Troubador

Brushes With Fame #4

The year would have been 1980 to the best of my memory. I was about 22 and my day job was working as a floor audio assistant for a major Sydney TV station. By night I was mixing sound for my brother’s electro-folk band.

Tuesdays was the weekly Limerick Castle gig which we’d been doing for several months. We turned up on time as usual but the pub was closed up. Or I should say, the main front door was closed – looking over the back fence we could see that the lights were on and everything was prepared for opening. But it was Marie Celeste-ville baby. We hung around for half an hour but nothing happened.1

We decided to go around the corner to an arcade (‘Fonzie’s’) where we could spend some coins playing video games. This is in the days w-a-a-a-y before computers, so this was a novelty.2

Our favourite arcade game was the old classic Asteroids. Yeah, it looks kinda passé now but at the time it was the bees knees.

It was a quiet night in Fonzie’s and we were pretty much the only ones there. We were there for fifteen minutes blipping away and blowing up chunks of interstellar space debris when this tall, quiet American chap loped up to have a gander at what we were doing. We made affable conversation.

“How does it work?” he said.

“Here, hop on,” I said, plugging in a twenty cent piece. I showed him how to use the controls. He got the hang of it pretty fast and did much better than a first-timer, but declined a second game. He hung around and watched for a while, this older, quietly spoken guy, chatting amiably, and then sauntered off. Our little troupe of avant garde folkies didn’t give it much thought.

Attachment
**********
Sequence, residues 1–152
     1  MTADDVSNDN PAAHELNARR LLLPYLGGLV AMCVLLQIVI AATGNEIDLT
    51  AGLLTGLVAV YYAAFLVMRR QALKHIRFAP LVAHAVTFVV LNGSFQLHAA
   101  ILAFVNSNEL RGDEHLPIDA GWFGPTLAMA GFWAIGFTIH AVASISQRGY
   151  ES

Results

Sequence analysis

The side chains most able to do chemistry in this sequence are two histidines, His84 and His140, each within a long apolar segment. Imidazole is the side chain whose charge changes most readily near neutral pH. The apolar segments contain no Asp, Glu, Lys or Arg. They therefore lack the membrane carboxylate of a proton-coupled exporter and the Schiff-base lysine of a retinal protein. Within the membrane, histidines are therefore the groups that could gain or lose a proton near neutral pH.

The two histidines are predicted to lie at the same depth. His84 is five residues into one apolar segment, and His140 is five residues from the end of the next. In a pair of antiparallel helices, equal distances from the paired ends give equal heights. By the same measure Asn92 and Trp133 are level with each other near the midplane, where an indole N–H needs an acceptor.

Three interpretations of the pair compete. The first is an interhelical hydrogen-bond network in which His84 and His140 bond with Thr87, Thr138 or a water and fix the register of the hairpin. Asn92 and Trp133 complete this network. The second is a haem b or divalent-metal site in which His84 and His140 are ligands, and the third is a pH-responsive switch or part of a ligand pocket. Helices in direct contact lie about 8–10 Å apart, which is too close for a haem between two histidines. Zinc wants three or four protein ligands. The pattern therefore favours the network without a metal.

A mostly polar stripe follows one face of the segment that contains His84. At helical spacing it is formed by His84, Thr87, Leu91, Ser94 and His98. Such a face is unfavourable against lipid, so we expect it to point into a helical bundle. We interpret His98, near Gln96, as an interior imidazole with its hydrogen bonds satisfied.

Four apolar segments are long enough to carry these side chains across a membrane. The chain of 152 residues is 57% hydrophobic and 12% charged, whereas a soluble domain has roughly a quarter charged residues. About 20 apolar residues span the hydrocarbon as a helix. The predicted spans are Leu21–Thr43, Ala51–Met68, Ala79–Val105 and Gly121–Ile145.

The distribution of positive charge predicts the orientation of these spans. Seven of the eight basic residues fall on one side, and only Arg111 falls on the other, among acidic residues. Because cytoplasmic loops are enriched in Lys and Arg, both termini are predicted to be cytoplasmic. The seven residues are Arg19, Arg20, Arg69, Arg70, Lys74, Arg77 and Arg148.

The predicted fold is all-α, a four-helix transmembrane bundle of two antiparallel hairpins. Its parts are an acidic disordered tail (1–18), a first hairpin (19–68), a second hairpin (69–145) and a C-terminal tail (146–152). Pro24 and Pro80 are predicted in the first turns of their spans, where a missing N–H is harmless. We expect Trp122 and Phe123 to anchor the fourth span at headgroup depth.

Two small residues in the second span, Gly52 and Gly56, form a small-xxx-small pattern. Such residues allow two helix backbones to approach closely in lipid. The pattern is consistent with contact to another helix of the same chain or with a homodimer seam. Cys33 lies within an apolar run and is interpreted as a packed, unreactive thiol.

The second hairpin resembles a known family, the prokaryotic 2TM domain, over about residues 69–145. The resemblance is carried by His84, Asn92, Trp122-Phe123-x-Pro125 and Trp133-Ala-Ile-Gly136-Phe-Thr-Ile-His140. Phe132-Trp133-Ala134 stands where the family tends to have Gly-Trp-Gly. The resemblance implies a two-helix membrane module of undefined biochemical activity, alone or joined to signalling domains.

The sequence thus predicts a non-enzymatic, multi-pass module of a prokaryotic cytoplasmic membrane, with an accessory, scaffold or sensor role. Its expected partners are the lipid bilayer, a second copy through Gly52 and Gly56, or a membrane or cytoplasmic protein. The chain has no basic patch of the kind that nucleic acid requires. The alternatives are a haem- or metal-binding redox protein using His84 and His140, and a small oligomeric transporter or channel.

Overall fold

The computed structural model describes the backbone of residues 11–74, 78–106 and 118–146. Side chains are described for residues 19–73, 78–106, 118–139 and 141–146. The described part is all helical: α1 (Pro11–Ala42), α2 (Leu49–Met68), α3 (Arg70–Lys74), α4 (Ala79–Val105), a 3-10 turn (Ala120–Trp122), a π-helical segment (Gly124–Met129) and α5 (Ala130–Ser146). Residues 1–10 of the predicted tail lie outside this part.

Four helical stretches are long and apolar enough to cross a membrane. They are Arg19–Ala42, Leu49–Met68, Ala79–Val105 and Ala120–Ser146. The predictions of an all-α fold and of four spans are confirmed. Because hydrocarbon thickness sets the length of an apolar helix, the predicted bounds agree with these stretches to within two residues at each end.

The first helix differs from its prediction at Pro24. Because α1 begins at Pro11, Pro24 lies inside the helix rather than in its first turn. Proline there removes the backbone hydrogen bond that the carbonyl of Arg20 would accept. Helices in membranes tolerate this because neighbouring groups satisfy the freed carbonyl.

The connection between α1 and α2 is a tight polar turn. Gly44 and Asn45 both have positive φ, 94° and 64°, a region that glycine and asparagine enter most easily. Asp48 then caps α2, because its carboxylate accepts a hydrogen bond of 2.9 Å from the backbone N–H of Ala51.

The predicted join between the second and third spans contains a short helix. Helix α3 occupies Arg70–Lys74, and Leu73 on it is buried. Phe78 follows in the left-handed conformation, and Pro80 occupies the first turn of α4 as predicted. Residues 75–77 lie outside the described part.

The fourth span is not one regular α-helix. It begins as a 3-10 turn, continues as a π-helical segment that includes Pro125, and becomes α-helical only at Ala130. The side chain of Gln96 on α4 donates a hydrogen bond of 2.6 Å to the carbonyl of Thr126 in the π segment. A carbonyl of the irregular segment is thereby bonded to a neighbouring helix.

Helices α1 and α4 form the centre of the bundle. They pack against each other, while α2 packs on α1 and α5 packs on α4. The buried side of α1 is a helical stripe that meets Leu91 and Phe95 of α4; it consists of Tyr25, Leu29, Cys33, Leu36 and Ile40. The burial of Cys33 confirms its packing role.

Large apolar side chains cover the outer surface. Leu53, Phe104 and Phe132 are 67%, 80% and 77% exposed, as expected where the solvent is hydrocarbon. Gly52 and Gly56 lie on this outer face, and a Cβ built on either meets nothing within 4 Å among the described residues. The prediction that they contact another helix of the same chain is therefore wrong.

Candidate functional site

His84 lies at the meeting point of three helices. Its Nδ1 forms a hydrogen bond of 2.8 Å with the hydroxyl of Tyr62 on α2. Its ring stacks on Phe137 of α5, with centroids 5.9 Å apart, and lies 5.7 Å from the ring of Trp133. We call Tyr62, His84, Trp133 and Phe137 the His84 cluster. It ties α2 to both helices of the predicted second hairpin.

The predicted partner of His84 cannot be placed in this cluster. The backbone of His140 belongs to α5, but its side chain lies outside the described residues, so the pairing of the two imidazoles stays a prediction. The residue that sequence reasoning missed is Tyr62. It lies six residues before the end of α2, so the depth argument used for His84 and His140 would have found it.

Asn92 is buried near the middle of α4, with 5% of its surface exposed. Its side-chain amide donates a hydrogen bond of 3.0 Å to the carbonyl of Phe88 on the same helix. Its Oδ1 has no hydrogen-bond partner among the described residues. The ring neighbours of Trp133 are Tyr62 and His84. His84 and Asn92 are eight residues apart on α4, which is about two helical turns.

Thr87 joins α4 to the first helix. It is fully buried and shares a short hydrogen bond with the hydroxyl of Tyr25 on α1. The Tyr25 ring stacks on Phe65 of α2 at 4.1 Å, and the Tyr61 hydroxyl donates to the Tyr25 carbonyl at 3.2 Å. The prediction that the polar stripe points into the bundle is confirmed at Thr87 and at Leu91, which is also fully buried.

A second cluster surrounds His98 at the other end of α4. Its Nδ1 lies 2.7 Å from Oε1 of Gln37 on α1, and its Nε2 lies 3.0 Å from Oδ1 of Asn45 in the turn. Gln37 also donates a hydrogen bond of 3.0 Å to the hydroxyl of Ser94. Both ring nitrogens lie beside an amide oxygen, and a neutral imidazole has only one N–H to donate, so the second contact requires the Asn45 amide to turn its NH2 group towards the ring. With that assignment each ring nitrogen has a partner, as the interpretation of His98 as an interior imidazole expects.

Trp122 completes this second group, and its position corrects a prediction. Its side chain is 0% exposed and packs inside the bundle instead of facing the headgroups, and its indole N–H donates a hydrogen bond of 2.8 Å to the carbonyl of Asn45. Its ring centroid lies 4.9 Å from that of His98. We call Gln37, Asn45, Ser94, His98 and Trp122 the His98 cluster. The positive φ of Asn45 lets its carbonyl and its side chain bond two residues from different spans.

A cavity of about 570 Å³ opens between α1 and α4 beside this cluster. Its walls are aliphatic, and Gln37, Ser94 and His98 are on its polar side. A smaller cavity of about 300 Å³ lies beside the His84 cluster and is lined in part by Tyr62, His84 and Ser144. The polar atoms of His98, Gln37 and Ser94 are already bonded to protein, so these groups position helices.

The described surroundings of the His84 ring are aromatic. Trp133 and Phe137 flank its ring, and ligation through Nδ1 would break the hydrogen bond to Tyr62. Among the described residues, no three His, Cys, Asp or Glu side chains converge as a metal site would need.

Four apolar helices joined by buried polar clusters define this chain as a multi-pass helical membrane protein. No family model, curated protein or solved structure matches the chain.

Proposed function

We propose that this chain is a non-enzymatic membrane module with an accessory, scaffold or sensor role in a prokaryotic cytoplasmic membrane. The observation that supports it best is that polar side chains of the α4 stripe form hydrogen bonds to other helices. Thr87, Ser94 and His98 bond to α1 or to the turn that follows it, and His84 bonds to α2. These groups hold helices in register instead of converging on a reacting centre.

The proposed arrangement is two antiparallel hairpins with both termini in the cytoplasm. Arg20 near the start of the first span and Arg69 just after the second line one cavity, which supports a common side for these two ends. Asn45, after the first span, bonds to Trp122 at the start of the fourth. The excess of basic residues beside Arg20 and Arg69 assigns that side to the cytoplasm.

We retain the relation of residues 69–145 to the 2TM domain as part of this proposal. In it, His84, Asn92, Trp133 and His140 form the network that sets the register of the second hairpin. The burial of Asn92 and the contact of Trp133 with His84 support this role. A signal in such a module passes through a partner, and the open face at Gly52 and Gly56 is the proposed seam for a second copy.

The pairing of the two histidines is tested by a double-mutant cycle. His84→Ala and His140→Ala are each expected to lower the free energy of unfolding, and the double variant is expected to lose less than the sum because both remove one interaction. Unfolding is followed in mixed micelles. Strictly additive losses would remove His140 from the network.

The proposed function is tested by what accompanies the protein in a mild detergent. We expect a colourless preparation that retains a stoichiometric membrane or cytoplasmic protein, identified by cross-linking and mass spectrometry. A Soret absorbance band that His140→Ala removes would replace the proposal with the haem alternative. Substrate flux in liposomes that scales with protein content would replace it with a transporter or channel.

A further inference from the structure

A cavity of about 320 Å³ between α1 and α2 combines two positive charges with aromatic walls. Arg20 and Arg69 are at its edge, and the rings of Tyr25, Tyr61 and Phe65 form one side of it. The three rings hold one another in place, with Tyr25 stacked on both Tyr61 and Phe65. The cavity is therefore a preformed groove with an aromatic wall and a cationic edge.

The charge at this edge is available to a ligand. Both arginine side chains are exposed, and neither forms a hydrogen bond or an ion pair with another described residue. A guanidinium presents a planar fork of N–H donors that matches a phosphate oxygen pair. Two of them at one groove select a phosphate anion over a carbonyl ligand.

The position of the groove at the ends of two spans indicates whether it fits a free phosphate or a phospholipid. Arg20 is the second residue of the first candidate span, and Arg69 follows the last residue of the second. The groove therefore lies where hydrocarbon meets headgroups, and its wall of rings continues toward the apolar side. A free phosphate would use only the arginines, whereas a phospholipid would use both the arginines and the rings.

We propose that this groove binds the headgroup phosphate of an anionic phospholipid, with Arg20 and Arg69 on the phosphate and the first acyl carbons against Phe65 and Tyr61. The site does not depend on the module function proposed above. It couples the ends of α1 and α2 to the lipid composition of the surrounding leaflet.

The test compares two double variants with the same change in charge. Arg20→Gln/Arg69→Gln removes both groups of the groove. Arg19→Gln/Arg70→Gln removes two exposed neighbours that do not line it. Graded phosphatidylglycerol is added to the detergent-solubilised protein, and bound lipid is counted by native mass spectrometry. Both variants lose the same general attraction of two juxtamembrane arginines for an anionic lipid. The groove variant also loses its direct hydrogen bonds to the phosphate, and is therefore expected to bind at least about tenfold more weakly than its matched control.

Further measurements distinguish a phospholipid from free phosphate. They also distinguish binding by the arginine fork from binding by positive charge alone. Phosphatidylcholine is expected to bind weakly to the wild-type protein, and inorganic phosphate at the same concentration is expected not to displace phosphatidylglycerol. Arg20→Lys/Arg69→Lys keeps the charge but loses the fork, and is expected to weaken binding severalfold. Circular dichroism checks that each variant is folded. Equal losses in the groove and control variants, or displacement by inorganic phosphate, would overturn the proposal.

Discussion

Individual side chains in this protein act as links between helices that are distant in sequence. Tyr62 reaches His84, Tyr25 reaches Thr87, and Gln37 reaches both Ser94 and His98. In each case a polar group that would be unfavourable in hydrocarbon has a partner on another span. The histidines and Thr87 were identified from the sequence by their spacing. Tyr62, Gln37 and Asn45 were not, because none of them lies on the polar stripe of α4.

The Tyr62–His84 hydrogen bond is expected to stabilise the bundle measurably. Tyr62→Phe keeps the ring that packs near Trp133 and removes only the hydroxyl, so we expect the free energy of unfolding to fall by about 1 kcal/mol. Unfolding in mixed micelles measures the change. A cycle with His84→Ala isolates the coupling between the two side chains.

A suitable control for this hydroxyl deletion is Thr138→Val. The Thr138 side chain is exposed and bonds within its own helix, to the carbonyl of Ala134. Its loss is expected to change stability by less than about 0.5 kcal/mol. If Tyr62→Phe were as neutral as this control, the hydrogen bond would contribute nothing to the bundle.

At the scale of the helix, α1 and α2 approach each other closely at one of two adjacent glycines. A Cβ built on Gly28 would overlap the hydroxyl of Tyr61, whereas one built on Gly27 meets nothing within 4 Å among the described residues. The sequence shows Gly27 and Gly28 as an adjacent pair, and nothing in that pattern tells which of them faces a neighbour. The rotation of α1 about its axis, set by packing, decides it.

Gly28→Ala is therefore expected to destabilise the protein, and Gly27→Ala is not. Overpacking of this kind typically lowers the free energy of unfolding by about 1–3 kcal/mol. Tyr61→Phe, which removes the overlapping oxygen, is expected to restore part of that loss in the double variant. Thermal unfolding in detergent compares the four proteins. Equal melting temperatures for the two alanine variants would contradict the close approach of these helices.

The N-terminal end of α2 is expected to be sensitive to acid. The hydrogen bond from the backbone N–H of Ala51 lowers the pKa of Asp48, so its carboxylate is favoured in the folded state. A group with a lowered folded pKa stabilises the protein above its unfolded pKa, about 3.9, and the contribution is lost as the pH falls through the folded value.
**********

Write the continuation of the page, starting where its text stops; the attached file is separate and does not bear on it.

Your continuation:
Next day I was at work, preparing the floor audio for a national popular variety and chat show. I’d already scanned down the guest list – we often did big name interview segments as I’ve mentioned before – and the only person of any note today was Noel Paul Stookey, better known as the ‘Paul’ from the legendary folk group Peter, Paul & Mary. I was rigging the boom when in walked the lanky Yank.

He looked up to where I stood, cable and mic in hand, and gave me a cheerful ‘Hi! How ya doin’ man?’

It was of course, Paul Stookey.

The looks on the faces of the rest of the floor crew were priceless.

  1. This is in the days w-a-a-a-y before mobile phones, so we had no real way of getting in touch with the owners. []
  2. We figured we’d call on back in another half hour and see if there was any movement at the station. In the event, there wasn’t. And then the Limerick Castle closed down so we never played that gig again. What happened remains a mystery. []